Drop off zones are the future of drone delivery, says Coverdrone

drone delivery

Commercial drone insurance Coverdrone predicts that drone delivery could soon become an everyday reality due to changes in the industry landscape over the last few years.

While drones have found commercial applications in pipeline inspection, surveillance, medical deliveries in Africa, media production and entertainment, it has yet to fully roll-out across domestic deliveries.

Coverdrone’s Jules Hornbrook has commented that the service may soon see an increase in take up due to UAVs becoming be affordable for end users.

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He said: “When the early drones became available to a wider market, the technology was still evolving. Affordable UAVs were not particularly stable, controls were basic and higher-spec cameras and positioning software came as add-ons.

“Now the game has changed. Prices have dropped and specifications have soared. Even hobbyist machines have impressive capabilities. Moving up the hardware range, commercial UAV operators and companies such as Amazon will fly sophisticated and powerful machines capable of travelling longer distances and with sizeable loads.”

While drone delivery is nudging closer to reality, with online retail giant Amazon has plans in the pipeline to launch its drone delivery service, Amazon Prime Air, Hornbrook added that there are some teething issues that need addressing first.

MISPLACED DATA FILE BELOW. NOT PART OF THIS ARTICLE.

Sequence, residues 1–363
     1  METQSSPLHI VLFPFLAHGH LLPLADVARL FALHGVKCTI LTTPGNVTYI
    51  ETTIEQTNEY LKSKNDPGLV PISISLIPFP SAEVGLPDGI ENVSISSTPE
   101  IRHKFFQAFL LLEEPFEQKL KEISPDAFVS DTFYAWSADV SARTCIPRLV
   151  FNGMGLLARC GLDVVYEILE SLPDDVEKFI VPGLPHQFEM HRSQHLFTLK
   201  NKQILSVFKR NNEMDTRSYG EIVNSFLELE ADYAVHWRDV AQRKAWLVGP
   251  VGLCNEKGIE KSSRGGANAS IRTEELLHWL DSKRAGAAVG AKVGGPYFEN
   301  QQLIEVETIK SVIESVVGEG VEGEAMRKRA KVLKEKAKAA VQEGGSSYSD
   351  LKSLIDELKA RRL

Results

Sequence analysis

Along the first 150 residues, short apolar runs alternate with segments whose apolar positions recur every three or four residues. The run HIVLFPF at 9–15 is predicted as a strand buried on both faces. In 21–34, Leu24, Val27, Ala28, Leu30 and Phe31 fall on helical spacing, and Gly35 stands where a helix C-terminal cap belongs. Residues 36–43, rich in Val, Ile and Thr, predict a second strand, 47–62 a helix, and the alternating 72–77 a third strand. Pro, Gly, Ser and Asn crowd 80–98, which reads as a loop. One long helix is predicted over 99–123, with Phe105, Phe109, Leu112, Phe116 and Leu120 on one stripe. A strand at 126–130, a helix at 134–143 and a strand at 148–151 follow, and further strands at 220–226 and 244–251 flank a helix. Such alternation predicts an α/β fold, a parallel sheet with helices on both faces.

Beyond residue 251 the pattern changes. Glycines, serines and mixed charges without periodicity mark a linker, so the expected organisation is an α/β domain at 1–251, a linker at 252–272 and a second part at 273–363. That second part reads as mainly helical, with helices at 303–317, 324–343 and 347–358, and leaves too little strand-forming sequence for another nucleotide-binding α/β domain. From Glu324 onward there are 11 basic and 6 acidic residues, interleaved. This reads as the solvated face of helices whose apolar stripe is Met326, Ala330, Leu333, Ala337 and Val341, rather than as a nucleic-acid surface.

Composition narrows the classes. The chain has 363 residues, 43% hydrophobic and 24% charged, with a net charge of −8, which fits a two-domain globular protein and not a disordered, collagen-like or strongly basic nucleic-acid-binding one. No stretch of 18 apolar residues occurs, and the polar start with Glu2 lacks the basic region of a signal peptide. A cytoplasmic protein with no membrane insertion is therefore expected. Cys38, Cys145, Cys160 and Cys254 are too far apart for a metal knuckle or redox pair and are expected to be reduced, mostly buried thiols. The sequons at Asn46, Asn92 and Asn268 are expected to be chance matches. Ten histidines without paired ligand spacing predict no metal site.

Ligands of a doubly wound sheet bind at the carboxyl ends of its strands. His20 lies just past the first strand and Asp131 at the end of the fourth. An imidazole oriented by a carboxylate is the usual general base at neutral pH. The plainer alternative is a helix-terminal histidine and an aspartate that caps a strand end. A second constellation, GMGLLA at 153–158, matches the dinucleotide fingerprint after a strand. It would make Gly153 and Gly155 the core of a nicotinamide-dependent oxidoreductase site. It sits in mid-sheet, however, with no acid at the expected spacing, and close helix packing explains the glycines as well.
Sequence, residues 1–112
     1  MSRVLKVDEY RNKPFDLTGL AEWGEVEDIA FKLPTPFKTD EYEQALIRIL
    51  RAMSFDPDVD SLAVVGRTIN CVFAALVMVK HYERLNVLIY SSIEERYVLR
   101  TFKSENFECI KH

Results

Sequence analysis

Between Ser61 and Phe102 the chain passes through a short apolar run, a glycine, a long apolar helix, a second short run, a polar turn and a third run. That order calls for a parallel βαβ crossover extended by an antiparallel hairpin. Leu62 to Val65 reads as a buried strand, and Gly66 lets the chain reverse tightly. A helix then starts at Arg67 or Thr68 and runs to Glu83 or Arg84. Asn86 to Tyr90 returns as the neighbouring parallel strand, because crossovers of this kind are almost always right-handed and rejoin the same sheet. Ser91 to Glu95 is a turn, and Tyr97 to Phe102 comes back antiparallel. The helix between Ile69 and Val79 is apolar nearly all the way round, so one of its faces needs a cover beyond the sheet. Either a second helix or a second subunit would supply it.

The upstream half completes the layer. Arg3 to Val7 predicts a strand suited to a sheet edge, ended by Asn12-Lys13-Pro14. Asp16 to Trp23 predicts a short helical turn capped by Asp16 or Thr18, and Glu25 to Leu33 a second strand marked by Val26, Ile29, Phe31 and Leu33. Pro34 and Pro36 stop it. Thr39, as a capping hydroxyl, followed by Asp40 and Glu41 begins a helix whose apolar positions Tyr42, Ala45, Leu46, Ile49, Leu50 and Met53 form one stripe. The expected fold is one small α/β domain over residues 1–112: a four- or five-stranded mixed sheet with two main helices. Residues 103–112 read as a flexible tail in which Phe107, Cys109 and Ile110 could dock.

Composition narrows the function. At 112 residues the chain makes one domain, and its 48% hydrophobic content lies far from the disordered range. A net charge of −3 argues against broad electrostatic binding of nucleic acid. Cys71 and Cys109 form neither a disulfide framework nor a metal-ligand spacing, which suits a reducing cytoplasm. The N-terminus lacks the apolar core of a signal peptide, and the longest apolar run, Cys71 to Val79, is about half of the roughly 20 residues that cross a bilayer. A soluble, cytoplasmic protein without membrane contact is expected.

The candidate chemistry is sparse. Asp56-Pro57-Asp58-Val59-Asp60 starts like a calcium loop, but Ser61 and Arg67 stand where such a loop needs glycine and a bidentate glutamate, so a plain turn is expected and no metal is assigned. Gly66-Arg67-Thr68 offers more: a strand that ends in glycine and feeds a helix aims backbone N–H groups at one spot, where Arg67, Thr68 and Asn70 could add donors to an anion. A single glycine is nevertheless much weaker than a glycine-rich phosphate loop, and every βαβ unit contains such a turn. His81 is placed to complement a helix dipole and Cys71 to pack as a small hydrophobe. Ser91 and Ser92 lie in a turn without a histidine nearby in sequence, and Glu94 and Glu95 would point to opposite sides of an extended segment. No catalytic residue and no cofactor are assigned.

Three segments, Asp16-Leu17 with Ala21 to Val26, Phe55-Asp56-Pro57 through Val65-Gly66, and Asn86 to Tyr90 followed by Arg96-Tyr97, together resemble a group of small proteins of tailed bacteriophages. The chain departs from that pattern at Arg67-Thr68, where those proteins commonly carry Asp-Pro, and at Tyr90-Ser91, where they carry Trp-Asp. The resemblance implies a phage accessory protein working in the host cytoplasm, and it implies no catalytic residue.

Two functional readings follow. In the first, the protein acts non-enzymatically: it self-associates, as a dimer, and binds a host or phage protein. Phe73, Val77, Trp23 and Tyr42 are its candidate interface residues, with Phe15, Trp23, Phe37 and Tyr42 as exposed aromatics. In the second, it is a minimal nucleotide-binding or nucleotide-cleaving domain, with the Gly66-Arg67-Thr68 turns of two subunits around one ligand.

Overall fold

He added: “One solution might see nominated drop-off zones established in busy areas. Customer-to-drone communications would identify the nearest collection point, a time could be agreed, and the drone would only drop its cargo (perhaps at a mini helipad-style surface) if the customer was in the immediate vicinity. Using a mobile phone App, customers could track the progress of the drone and their parcel.

“The result, if successful, would be cost and time savings for both retailers and customers as many failed delivery attempts would be avoided.”

Tags : Amazon Prime AirCoverdroneDronedrone deliverdrone industrydrone sectorUAVuav delivery
Emma Calder

The author Emma Calder

1 Comment

  1. Perhaps supermarket roof-tops could be adapted as drone stations/charging hubs? You have a huge flat surface away from people and power lines etc. Just automate the final 10 meters to transfer parcels from rooftop to collection lockers.

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